Reyan Ali defends Kidz Bop, the CD series featuring bowdlerized Top-40 hits:
Loads of frivolous, materialistic pop songs have no beneficial messages, and rewriting their lyrics while keeping the tune doesn’t deprive young listeners of a worthwhile experience. The Kidz Bop version of “Thrift Shop” retains the track’s closest thing to a positive thesis (i.e. be thrifty and engage in a smarter kind of conspicuous consumption) while extracting references that have little to no effect on that song’s message. Are the rewritten results corny? Certainly, but they’re also there to be consumed by children who’ll accept, laugh at, or entirely overlook the new turns of phrase.
But not all the songs are so benign:
In 2011, Rich Albertoni a writer at the Madison, Wisconsin, alternative weekly Isthmus, pointed out that the Kidz Bop version of Lady Gaga’s “Born This Way” excluded the song’s key verses about inclusivity.
The passages, “No matter gay, straight or bi/Lesbian, transgendered life/I’m on the right track, baby/I was born to survive” and “No matter black, white or beige/Chola or Orient/I’m on the right track, baby/I was born to be brave” had both been axed in their entirety entirely. “Funny,” he wrote, “because for this parent, that’s one of the few meaningful lines this collection of pop songs might have had to offer.”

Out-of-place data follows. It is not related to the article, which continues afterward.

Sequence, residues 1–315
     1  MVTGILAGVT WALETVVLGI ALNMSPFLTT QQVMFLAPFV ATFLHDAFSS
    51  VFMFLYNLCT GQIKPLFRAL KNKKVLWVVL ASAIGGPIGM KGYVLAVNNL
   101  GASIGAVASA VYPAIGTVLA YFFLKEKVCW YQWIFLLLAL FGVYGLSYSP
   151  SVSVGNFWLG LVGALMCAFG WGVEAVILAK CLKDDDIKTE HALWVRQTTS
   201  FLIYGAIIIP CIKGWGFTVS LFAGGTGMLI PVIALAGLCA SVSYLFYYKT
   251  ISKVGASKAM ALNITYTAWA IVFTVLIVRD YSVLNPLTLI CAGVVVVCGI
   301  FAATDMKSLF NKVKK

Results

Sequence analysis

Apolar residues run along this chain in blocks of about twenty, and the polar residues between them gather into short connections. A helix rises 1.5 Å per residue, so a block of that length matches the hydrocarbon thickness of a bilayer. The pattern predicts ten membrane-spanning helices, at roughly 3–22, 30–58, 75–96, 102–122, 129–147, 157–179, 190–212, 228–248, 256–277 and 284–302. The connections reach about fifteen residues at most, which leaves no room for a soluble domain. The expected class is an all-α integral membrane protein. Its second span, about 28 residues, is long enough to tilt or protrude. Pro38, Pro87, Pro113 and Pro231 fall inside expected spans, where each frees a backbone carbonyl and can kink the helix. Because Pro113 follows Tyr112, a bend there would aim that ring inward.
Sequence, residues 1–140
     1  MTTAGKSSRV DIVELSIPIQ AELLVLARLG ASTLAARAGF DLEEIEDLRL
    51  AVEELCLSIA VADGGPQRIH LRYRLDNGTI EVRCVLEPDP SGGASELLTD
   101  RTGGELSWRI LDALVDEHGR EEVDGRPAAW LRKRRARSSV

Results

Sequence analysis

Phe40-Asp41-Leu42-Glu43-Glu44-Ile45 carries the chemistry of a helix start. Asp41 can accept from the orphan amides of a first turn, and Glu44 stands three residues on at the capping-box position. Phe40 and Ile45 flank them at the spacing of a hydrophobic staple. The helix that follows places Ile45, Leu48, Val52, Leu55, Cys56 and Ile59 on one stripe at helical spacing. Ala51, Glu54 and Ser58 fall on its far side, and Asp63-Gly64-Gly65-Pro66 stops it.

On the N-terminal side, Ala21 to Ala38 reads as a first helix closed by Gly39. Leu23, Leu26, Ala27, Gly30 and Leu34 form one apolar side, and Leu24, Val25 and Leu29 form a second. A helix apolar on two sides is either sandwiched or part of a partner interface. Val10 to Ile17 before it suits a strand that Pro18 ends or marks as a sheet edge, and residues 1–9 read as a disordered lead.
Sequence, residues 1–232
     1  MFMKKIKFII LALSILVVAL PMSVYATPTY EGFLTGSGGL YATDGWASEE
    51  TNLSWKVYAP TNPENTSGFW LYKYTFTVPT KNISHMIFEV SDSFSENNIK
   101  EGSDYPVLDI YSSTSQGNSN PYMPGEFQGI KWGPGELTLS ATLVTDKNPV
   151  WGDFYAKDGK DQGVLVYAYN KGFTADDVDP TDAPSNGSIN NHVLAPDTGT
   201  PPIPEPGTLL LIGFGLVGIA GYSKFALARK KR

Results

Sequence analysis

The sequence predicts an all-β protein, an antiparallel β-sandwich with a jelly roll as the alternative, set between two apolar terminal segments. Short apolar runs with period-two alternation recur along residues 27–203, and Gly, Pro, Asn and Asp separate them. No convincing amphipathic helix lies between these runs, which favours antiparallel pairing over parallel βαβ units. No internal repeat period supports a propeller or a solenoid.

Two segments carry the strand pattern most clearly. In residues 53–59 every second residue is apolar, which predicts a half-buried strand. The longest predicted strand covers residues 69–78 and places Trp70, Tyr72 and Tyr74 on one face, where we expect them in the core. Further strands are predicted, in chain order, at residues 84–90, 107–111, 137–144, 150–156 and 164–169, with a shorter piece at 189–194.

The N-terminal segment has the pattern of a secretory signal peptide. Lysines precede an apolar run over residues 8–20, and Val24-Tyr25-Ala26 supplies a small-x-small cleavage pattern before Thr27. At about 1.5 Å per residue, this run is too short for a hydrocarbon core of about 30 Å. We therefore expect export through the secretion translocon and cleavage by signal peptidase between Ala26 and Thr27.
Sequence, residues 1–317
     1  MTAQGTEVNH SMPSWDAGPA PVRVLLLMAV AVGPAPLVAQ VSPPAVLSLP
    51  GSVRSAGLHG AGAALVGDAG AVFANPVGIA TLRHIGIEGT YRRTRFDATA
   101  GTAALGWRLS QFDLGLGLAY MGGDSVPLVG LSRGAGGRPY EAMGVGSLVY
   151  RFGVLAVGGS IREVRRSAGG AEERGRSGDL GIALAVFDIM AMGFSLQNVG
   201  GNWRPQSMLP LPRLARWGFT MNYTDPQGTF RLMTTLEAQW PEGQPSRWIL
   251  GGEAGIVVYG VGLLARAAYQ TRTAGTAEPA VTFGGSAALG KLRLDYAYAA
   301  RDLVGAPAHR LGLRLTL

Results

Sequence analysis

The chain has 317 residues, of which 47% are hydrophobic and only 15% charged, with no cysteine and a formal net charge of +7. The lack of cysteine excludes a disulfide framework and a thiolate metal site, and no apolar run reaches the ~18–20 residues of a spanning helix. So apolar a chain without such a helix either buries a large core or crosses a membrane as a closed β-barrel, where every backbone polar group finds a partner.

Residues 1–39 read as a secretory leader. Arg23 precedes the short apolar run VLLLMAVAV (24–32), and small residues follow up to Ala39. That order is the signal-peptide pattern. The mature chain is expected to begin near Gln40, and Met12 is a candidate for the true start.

Removing those verses deprives listeners of one of the best elements found in pop music: its ability to create positive cultural change. As an LGBT anthem that nonetheless makes it a point to champion all sorts of subcultures, “Born This Way” carries a message that shouldn’t be discarded out of the fear that overzealous parents might be offended by mentions to any of these groups. And if such parents are offended, then a message of love and understanding is the sort that’s worth offending them over.